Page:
When room picks arrive each spring, the dorms are entrenched with drama from a variety of sources. Drama can result from the picks themselves.  Because a lottery system is used to determine the order the residents pick their room, whole sections of dorms might pressure residents to choose rooms in other sections.  These students want to preserve rooms for their friends with lower picks and can sometimes lead to heated arguments between friends and hall mates. 

Drama can also result from conflicts within dorms about which residents get the most prized rooms like the Quint in Sorin or various sized quads across campus.  Since larger, more dynamic rooms are the ones that host parties and other events, many students want to live in them.  Students that want to live in these quads might not have the high room picks that are necessary to obtain them, however; and may resort to bargains or unsavory deals with other residents in order to get the room they desire.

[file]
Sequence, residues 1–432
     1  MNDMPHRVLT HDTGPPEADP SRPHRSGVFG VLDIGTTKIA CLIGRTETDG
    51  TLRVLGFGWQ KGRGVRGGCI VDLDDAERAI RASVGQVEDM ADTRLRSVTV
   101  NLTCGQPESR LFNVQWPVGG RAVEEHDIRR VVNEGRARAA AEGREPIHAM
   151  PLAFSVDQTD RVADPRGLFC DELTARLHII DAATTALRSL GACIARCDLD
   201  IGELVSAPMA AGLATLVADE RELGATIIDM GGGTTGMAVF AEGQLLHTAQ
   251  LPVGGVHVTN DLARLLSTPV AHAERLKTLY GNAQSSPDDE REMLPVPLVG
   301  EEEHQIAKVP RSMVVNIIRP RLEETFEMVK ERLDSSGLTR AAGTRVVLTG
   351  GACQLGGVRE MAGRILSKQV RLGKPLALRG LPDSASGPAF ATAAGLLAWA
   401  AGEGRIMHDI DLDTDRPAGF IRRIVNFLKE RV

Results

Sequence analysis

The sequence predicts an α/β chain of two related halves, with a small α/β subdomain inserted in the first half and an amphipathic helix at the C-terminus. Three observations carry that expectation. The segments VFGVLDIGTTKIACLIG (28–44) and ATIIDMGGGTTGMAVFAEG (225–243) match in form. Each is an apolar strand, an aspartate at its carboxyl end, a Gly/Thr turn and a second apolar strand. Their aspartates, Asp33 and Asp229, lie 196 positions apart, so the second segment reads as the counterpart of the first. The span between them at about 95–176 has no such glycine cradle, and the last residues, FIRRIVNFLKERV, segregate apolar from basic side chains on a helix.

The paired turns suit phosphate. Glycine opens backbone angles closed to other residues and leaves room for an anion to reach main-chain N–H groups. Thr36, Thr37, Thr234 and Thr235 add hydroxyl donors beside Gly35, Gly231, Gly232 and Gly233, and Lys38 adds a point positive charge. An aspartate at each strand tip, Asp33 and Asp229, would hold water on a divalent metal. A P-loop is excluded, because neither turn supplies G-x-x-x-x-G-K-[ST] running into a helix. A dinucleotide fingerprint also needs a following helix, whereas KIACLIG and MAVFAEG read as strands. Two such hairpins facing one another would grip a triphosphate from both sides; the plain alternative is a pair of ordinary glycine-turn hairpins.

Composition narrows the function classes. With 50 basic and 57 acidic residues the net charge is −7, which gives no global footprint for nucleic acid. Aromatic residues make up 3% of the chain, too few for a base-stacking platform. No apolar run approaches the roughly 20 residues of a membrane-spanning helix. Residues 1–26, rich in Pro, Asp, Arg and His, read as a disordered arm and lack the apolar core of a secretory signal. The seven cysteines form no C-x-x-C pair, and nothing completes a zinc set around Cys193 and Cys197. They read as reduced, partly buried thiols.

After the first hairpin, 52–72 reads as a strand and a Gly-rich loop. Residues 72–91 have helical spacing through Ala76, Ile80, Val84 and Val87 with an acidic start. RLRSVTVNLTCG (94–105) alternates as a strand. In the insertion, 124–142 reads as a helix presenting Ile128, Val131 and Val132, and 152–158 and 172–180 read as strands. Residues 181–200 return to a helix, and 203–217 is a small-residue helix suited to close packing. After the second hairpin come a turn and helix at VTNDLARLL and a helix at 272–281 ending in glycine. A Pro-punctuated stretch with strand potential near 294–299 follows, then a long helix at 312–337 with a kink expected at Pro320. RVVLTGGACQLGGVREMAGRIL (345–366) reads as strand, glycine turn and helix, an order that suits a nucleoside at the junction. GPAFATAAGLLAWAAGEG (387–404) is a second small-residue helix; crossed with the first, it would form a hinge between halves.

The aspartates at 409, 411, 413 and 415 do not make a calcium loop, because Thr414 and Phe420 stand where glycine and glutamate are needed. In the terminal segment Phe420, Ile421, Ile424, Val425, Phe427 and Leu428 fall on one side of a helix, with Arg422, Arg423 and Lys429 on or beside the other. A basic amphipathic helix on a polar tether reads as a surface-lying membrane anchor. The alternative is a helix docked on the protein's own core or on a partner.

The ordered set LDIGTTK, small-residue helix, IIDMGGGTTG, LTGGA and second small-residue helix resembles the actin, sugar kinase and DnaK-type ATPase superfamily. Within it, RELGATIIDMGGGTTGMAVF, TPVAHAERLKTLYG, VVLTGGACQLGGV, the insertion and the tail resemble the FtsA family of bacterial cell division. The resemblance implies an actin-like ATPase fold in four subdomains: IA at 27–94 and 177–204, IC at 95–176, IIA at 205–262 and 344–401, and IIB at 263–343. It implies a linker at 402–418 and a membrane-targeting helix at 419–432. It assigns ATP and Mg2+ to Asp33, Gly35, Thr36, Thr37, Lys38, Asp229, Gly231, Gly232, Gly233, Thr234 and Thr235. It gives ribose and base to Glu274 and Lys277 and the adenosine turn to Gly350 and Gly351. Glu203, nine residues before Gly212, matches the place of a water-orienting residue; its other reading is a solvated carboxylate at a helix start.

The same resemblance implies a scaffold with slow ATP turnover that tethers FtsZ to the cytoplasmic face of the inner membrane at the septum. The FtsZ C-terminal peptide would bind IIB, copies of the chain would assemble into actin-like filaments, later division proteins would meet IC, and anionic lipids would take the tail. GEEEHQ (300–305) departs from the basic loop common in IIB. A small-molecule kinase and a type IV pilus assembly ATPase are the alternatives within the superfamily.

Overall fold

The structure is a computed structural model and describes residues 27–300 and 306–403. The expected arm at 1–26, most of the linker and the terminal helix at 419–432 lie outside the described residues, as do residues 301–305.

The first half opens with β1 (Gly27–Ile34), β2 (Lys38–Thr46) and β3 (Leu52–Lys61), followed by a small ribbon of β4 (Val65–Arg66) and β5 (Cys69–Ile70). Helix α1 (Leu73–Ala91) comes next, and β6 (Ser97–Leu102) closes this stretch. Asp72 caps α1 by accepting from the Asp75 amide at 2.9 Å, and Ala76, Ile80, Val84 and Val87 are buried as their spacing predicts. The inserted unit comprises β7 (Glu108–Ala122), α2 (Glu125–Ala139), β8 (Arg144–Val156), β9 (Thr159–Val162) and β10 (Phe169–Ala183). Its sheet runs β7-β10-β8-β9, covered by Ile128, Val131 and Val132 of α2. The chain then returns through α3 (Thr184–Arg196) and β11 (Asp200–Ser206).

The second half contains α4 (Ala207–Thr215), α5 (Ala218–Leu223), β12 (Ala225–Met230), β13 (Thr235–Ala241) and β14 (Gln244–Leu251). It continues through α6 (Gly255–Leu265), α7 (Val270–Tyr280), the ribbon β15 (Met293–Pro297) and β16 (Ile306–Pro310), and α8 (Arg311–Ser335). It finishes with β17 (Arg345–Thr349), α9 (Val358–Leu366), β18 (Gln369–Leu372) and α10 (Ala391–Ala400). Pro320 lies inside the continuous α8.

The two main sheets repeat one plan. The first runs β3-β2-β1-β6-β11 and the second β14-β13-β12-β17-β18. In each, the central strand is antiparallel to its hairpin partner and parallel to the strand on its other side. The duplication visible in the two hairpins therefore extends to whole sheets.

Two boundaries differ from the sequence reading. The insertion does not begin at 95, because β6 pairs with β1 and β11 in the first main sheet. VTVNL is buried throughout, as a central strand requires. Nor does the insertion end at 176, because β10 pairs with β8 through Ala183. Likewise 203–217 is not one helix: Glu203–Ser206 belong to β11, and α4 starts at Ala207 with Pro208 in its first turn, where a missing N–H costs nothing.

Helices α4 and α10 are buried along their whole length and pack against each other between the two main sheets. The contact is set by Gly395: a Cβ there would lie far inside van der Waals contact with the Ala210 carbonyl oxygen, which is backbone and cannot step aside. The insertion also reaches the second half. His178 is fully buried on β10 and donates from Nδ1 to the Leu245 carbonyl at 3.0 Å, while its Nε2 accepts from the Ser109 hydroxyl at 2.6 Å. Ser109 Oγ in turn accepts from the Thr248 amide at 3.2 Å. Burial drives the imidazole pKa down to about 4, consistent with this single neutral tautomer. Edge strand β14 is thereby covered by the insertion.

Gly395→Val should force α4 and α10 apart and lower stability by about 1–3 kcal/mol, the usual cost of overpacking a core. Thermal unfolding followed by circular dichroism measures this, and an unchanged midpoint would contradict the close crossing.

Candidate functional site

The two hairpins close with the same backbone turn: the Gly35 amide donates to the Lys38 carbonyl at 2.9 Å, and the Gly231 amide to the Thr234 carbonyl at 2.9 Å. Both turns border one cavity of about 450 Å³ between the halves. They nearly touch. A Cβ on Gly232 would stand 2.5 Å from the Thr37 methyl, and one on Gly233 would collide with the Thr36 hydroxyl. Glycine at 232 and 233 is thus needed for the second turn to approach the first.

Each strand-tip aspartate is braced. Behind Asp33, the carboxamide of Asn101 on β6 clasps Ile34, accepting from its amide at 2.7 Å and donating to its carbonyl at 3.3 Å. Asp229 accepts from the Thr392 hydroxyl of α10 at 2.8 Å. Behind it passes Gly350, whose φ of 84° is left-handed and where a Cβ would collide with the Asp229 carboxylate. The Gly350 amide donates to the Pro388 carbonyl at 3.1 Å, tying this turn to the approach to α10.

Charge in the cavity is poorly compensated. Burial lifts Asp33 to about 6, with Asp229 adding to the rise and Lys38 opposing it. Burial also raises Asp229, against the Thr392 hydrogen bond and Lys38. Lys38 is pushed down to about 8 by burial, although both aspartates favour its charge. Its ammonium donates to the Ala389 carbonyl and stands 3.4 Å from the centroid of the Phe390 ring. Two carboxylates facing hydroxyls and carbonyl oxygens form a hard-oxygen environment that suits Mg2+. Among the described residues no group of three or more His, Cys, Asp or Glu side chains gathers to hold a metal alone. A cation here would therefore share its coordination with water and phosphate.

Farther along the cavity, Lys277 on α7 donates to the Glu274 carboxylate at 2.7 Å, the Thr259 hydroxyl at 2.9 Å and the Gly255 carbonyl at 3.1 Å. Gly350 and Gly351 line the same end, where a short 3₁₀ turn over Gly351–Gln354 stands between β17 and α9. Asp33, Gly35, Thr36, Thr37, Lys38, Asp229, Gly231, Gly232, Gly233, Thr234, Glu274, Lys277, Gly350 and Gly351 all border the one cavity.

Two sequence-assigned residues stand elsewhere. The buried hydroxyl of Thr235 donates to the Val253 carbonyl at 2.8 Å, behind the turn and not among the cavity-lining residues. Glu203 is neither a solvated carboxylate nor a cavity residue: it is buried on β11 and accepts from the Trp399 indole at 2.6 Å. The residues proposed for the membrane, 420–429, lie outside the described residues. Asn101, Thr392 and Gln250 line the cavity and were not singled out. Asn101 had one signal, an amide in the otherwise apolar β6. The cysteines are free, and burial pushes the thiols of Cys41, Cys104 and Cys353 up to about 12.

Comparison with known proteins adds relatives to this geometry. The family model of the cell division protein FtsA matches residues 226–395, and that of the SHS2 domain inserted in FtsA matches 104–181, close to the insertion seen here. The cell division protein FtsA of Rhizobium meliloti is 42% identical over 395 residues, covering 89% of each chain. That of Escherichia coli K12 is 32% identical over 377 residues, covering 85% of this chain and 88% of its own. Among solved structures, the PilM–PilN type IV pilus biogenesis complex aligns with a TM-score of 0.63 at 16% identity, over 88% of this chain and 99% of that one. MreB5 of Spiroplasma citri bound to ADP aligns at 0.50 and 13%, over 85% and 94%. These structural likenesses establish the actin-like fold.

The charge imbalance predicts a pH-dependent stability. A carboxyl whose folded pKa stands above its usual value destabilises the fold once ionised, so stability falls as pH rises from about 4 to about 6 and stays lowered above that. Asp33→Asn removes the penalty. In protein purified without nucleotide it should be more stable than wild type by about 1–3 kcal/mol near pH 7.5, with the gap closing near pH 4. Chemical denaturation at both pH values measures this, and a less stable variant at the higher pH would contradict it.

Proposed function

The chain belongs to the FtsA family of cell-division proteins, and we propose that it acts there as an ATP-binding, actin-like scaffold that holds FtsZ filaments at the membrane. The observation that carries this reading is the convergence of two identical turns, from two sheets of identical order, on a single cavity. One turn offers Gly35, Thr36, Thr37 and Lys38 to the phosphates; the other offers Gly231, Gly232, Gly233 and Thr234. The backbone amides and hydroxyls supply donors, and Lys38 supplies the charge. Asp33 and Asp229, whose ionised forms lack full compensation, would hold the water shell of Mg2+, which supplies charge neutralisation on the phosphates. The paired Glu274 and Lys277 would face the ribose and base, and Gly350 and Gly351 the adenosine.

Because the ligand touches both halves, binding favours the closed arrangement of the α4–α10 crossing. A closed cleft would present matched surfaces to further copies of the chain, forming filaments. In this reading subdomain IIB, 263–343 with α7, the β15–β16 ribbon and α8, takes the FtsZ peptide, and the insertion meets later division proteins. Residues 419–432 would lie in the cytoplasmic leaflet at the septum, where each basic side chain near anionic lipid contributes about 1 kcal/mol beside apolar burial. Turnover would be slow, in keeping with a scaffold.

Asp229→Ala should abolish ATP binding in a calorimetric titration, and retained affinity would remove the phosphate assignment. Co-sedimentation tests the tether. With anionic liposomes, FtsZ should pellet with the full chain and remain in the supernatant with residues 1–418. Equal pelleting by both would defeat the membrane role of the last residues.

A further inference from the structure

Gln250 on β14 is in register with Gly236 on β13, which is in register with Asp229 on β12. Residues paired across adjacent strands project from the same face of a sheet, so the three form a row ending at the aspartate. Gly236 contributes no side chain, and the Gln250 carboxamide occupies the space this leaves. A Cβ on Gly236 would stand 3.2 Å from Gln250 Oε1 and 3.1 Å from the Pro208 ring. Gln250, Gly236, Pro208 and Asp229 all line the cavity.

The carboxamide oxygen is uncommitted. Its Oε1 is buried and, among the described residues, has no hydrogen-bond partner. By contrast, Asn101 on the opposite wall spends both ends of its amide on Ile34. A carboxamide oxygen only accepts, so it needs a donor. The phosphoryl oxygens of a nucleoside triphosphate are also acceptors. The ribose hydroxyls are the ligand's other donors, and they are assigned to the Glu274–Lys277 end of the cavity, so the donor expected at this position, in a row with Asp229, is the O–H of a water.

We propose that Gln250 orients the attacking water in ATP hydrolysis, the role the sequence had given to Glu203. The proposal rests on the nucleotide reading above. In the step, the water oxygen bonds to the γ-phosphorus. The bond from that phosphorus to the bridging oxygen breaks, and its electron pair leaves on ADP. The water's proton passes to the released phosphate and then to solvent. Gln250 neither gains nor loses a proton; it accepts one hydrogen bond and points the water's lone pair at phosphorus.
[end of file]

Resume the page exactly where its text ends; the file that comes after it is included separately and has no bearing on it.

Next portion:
Room pick drama most often (and most importantly) manifests itself by the simple task of everybody in the dorm trying to find a roommate.  Room picks force students to choose one person that they want to be their roommate, and usually result in another friend being left out.  The weeks leading up to room picks (for better or worse) are when students find out who their real friends are, and this heightens tensions throughout the dorms.

Finally, all of these elements come together in one night when the rooms are actually picked.  On this overly dramatic occasion some students make deals or strong arm people, some plot to take the quad that other students were planning to choose, and other students stand off to the side no knowing if they will find a roommate for the next year. 

Room pick drama throws Notre Dame Students into the midst of hyper-dramatic situations (see #19) that make nice people turn mean and timid people get angry; and for all of these reasons why Notre Dame Students shouldn’t like room picks, most students couldn’t imagine dorm life without them.

*Well, at least in the men’s dorms.  Women’s dorms don’t have as much camaraderie because Notre Dame Girls aren’t really friends with each other, and therefore don’t care as much about who they live with.